Social Science Education

ECON 100A

Economics 100.003 Basic Economics

Section 3 11:00-11:50 MWF HH 103 Robert C. Guell

256 Holmstedt Hall

Office Hours 9-11 MWF

And by appt. Ph. 237-2169 (office) Ph. 466-4606 (home )

Email: ecguell@isugw .indstate.edu

Web: http://isu.indstate.edu/2uell/ecn1.00 003

Book: Issues in Economics Today, Robert C. Guell

The Big Picture- The Course

This class serves as foundation course in the Social and Behavioral Sciences part of GE2000 (and remains a B3 course GE89) and as such must meet certain objectives. Broadly speaking these objectives require that the course expose you to the methods and uses of social sciences in a way that gives you an understanding of the way the world works. Because this is an economics course you will acquire that understanding through that particular lens. We will discuss how the economic ideas of opportunity cost and marginality can be used to analyze decision making in your daily life as well as to analyze current policy issues. We will focus our attention on how free markets distribute goods and services in a capitalist economy where government intervention exists but is usually not dominant.

We will make certain assumptions about people (that they are rational and self-interested) and show, under those assumptions, how a market works. We will use the economic

methodology of modeling market activities to come to our conclusions about how well they serve our general interests and, where relevant, discuss the limitations of that economic methodology so as to place economics in a context with the other social science disciplines.

We will show how a market serves as a communication system by which consumers

"tell" producers what goods and services they want and what they are willing to pay to get them and producers "tell" consumers what they will be willing to accept to furnish those goods and services. We will discuss how the evolution of markets (from barter) significantly improves this process of communication while simultaneously making societies more interdependent as the gains from the division of labor cause individuals and nations to specialize their production in order to maximize their standard of living.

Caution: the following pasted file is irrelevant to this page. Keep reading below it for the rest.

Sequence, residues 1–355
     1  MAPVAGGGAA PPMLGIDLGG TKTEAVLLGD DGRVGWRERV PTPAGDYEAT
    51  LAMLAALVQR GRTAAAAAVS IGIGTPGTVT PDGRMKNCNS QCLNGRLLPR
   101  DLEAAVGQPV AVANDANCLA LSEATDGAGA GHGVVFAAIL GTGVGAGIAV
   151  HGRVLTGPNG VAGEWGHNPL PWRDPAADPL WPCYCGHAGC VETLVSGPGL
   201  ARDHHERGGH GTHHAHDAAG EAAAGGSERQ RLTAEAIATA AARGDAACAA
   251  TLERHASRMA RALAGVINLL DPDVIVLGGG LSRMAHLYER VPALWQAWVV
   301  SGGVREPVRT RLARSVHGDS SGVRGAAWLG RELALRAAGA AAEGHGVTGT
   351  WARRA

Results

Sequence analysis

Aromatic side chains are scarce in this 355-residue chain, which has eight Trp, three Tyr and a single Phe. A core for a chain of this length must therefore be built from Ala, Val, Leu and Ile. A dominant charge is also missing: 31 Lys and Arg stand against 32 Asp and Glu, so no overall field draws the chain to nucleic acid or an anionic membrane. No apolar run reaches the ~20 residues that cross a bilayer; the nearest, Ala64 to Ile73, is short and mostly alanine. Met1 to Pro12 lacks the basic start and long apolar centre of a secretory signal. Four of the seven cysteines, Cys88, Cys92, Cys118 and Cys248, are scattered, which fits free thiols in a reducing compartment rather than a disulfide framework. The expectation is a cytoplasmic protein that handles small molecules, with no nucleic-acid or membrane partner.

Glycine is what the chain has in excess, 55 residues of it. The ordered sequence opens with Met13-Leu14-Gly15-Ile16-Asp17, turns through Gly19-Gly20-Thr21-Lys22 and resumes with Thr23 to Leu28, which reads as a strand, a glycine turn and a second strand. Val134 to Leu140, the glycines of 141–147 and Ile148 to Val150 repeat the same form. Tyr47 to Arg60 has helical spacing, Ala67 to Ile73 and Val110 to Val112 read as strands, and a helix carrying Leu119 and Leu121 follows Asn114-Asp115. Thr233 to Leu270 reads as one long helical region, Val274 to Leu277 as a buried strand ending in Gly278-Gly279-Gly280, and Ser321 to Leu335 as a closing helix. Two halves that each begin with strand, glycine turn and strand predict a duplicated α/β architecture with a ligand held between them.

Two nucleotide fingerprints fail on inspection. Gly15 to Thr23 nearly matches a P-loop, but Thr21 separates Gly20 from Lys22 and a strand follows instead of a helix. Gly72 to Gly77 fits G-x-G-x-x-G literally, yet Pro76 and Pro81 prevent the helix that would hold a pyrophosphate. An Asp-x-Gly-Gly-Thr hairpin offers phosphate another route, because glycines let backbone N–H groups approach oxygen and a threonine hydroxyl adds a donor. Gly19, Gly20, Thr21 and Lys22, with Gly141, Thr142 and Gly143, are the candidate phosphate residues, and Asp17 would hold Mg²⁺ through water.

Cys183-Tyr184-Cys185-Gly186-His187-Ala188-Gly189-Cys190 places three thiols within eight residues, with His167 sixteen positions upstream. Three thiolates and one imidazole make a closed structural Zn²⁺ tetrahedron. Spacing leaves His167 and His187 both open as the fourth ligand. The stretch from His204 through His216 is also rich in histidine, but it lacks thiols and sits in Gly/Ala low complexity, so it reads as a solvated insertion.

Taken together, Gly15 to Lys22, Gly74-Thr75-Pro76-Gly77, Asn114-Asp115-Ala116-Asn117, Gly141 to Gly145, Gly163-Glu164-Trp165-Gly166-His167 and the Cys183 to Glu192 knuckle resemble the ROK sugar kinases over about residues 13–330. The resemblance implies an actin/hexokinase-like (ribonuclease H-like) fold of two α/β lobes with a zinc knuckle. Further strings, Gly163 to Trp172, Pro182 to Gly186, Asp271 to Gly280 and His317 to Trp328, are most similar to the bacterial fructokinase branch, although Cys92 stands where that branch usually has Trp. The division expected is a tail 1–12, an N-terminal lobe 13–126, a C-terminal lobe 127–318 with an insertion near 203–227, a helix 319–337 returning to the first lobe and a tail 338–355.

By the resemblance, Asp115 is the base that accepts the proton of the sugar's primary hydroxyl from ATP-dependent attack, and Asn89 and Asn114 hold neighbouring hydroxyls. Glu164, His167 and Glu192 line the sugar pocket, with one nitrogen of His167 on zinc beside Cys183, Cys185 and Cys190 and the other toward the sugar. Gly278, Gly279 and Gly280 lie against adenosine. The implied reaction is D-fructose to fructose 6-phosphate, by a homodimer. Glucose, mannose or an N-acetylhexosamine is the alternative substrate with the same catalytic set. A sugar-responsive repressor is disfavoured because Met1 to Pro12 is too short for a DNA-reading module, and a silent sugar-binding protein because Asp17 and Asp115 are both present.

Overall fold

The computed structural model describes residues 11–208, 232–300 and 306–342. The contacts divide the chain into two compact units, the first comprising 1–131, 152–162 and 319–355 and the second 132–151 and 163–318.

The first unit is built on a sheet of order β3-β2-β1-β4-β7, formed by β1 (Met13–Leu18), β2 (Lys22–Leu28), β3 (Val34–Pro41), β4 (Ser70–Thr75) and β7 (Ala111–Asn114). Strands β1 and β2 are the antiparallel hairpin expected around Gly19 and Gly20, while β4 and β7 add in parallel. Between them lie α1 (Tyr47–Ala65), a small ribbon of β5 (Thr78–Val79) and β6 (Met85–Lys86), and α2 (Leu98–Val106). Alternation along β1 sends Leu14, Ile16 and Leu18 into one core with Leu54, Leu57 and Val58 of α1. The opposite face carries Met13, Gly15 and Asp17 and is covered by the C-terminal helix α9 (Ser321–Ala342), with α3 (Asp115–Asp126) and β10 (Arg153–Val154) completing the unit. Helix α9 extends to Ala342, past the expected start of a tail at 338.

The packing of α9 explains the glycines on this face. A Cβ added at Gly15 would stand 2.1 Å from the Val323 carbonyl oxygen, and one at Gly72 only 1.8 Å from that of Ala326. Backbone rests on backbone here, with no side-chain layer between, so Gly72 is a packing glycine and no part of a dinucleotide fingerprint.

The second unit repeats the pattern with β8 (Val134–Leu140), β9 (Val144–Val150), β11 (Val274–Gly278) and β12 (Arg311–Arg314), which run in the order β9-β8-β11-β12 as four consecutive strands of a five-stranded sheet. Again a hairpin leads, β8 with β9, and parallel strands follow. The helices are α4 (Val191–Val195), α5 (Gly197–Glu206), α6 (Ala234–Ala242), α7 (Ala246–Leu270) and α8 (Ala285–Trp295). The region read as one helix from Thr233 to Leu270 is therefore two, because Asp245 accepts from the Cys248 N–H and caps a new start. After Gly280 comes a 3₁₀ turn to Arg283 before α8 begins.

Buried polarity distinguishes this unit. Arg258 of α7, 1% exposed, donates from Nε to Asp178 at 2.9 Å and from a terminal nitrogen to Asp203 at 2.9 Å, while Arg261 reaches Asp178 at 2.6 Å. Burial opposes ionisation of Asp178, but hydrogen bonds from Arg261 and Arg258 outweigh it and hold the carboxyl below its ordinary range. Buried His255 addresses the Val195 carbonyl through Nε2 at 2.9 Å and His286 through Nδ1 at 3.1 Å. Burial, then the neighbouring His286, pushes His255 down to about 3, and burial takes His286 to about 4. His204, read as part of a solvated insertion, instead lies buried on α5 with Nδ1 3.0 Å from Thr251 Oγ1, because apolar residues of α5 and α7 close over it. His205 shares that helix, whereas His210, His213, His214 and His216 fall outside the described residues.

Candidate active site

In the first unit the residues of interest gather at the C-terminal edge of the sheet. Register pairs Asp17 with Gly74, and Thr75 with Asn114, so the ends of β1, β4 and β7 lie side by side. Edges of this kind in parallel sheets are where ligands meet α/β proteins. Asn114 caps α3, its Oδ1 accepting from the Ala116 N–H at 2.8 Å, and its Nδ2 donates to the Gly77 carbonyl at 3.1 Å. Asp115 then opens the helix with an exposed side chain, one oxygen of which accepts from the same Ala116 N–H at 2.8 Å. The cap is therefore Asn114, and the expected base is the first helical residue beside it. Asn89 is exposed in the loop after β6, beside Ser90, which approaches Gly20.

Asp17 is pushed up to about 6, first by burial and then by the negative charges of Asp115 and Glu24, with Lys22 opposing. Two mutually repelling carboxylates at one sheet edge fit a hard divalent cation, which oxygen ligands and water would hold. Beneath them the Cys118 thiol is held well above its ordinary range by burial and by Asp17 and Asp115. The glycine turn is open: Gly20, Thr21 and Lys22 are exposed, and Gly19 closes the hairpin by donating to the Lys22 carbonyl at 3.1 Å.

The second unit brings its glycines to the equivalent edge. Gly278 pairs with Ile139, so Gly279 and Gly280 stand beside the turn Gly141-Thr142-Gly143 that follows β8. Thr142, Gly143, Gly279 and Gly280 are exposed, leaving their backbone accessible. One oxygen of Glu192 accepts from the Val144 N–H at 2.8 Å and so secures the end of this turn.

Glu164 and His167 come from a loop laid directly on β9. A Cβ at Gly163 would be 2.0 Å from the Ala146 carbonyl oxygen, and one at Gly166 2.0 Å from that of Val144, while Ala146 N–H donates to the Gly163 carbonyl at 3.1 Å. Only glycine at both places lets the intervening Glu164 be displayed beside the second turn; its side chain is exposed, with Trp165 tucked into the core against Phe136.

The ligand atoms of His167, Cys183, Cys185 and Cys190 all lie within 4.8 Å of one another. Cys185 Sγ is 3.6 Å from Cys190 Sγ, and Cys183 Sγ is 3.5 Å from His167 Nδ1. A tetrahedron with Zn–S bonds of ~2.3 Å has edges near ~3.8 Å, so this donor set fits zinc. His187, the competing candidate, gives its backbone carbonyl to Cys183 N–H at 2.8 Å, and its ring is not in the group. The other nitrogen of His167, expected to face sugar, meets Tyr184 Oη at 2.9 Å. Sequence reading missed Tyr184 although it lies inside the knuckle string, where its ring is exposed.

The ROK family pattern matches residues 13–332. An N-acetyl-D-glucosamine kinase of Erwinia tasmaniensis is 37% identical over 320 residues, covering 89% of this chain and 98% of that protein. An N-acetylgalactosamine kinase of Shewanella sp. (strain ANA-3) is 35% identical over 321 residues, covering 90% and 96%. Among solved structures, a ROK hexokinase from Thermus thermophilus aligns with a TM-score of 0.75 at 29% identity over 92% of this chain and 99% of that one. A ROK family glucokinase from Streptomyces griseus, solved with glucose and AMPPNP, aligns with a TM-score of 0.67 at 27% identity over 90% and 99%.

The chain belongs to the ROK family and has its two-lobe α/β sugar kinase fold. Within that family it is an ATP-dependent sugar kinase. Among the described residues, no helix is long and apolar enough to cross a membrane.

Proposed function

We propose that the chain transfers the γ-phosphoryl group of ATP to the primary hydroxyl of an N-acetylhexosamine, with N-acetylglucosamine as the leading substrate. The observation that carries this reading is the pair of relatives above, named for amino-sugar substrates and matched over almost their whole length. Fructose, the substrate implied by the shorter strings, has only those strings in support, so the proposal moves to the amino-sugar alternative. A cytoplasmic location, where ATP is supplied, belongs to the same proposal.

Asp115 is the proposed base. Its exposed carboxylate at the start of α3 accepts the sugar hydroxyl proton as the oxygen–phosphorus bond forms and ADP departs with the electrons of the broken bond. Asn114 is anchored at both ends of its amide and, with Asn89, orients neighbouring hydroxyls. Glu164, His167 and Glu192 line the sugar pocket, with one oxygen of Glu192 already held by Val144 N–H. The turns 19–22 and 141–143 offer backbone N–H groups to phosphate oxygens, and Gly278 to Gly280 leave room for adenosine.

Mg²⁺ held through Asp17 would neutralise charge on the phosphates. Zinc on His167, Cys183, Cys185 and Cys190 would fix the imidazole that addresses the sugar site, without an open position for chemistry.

We critically analyze whether an unfettered market serves well in this capacity and cite several circumstances and conditions where it is unrealistic to expect such a market to succeed. It is then that we can talk extensively about how political and social institutions evolve to influence markets and how those institutions influence people.

By seeing how markets work, and sometimes fail to work, you will gain anew

perspective on your role as a citizen in helping craft the political and social boundaries for markets.

Web: I will also be making many new and helpful hints available over the web. Http://isu.indstate.edu/guell/ecn1. 00_003 Check often for news.

Grades: Mid-teffil Exams, 3 @ 15% each

Syllabus Preparation Participation 1 %.

Reading Quizzes best 15 of 19 @ 1% each Content Quizzes, best 8 of 11 @ 3% each Final Exam 15%

Scale: 100-80% A

75'-80% B+ 60-75% B

55-60% C+ 50-55% C

45-50% D+ 40-45% D

Attendance: Your attendance in class is desired and requested, if you look at the schedule of events there are more days with graded activities than without but your grade in class will be deteffilined solely on the criteria outlined above.

This course assumes that you have had no economics but that you have an adequate understanding ofjunior high and high school algebra and high school geometry. This course is intended to teach you how to think as an economist. Simply put, you will be expected to be able to understand common everyday economic issues presented in newspapers. These issues include markets, prices, unemployment, inflation, the budget deficit and national debt, health care, welfare, taxes, saving,... in short lots of stuff.